In addition to performing like a fighter jet, other roles for the Boeing system early warning, intelligence, surveillance and reconnaissance alongside aircraft like the P-8 Poseidon and E-7 Wedgetail, said Kristin Robertson, vice president and general manager of Boeing Autonomous Systems.

​”It is operationally very flexible, modular, multi-mission,” she said. “It is a very disruptive price point. Fighter-like capability at a fraction of the cost.”

Robertson declined to comment on the cost, saying that it would depend on the configuration chosen by individual customers.

The jet is powered by a derivative of a commercially available engine, uses standard runways for take-off and landing, and can be modified for carrier operations at sea, Robertson said. She declined to specify whether it could reach supersonic speeds, common for modern fighter aircraft.

Its first flight is expected in 2020, with Boeing and the Australian government producing a concept demonstrator to pave the way for full production.

Australia, a staunch U.S. ally, is home to Boeing’s largest footprint outside the United States and has vast airspace with relatively low traffic for flight testing.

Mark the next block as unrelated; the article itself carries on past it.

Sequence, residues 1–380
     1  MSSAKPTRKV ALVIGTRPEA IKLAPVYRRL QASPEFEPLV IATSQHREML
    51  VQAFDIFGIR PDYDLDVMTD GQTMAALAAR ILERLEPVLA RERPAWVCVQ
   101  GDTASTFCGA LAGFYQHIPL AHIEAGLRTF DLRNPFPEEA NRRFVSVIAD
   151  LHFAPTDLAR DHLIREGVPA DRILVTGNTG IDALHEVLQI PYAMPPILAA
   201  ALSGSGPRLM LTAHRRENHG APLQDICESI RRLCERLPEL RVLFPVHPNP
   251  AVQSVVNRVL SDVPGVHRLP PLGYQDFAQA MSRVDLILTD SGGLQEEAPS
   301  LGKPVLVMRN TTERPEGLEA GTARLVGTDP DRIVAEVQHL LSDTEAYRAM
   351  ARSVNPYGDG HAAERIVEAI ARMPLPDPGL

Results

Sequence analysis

The Boeing Airpower Teaming System will be manufactured in

Australia, but production lines could be set up in other countries depending on sales, Arnott said.

The United States, which has the world’s biggest military budget, would be among the natural customers for the product.

The U.S. Air Force 2030 project foresees the Lockheed Martin F-35A Joint Strike Fighter working together with stealthy combat drones, called the “Loyal Wingman” concept, said Derrick Maple, principal analyst for unmanned systems at IHS Markit.

“The U.S. has more specific plans for the wingman concept, but Western Europe will likely develop their requirements in parallel, to abate the capabilities of China and the Russian Federation and other potential threats,” he said.

Robertson declined to name potential customers and would not comment on potential stealth properties, but said the aircraft had the potential to sell globally.

“We didn’t design this as a point solution but a very flexible solution that we could outfit with payloads, sensors, different mission sets to complement whatever their fleet is,” she said. “Don’t think of it as a specific product that is tailored to do only one mission.”

Brazil’s Senate Confirms Campos Neto as Central Bank Chief